Tansu Daylan received his PhD in physics from Harvard University in 2018. He is a Kavli Fellow in Astrophysics at MIT.
Tansu’s main interest is in statistics with broad applications in cosmology and exoplanet research. During his PhD, he has worked on implementing “probabilistic cataloging”, a transdimensional and Bayesian inference framework that takes fair samples from the posterior probability distribution over the “element catalog space” given some observed data. When used to infer light sources consistent with observed photometric images, probabilistic cataloging can reveal faint and blended stars and galaxies, and perform robust error propagation by marginalizing over the uncertainties due to neighboring (covariant) sources.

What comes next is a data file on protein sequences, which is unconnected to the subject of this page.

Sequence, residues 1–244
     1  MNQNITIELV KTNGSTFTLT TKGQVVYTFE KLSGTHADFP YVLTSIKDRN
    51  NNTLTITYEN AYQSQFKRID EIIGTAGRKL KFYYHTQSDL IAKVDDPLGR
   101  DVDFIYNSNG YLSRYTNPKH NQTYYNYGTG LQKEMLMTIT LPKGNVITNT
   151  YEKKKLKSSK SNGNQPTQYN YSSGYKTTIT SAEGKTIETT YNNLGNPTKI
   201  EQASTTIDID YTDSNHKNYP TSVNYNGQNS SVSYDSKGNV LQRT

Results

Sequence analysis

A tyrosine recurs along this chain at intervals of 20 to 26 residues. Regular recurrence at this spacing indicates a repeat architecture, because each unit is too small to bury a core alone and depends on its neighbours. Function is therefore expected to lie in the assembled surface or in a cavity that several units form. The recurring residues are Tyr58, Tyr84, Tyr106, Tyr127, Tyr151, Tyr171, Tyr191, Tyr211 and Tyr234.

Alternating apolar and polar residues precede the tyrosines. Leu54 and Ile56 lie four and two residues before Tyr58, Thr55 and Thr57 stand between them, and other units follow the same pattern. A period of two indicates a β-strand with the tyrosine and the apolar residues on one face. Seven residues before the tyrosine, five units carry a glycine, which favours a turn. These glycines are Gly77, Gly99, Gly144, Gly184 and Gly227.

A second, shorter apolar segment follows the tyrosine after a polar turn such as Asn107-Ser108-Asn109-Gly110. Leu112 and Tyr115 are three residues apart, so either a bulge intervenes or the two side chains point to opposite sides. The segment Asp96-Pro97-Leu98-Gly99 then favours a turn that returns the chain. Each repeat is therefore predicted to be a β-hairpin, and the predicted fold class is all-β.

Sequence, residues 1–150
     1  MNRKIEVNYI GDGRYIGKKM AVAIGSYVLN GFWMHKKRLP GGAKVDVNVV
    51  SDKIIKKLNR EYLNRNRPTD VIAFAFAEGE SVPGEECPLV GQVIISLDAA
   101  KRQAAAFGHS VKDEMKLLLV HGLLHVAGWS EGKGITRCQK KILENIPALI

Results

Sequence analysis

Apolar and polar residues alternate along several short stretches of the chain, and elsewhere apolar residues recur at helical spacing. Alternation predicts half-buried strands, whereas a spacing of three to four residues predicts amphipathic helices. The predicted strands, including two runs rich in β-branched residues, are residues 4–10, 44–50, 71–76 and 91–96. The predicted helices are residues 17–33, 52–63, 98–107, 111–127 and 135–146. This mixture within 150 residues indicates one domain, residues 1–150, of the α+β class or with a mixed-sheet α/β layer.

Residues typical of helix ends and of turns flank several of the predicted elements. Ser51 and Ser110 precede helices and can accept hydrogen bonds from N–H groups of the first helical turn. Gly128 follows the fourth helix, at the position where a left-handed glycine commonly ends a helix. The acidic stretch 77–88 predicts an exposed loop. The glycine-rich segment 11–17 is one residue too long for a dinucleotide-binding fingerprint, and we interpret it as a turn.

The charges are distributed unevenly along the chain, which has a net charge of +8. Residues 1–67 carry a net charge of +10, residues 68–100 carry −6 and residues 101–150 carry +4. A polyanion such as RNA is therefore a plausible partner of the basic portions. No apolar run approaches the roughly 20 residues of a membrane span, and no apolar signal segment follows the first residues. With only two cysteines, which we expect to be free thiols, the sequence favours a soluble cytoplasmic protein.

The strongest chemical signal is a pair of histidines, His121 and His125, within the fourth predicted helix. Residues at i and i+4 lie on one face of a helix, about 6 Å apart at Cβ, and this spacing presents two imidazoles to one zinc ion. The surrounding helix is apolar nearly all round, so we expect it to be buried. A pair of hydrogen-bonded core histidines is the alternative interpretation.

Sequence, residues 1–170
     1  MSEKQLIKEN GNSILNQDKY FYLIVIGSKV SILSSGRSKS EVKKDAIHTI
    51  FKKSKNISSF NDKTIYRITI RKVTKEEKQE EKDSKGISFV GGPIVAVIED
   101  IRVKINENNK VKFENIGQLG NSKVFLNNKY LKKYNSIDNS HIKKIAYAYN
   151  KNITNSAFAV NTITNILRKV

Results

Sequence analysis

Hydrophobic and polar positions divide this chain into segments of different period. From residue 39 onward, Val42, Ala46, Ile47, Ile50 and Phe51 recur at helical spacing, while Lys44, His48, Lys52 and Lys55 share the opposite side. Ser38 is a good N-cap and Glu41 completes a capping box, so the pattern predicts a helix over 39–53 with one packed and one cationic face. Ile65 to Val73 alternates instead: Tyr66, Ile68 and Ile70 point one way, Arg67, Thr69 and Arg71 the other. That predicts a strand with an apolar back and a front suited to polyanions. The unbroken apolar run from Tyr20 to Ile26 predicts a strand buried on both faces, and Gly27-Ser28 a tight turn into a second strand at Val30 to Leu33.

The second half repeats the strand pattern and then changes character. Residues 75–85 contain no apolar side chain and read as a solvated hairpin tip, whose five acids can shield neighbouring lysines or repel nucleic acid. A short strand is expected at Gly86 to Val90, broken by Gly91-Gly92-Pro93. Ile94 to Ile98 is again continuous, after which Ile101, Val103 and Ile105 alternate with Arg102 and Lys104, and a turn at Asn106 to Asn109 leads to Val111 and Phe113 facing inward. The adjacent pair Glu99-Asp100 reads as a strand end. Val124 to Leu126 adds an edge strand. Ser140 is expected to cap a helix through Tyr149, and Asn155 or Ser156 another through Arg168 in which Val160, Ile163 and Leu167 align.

He is also interested in the application of probabilistic cataloging to the gamma-ray sky, deep X-ray images and optical images of strong lens systems. Gamma-rays from the inner Milky Way yield a promising target for indirect searches for Weakly Interacting Massive Particles, i.e., a particle candidate for dark matter in the Universe. Images of strong lens systems, on the other hand, are informative about the spatial morphology of dark matter in self-gravitating halos.
At MIT, he has joined the TESS team to introduce probabilistic cataloging to images taken by TESS, enhance its data analysis pipeline to characterize systematic uncertainties and study planet candidates using the resulting light curves. He is also interested in inference using neural networks as applied to time series data, for classifying and characterizing features in light curves.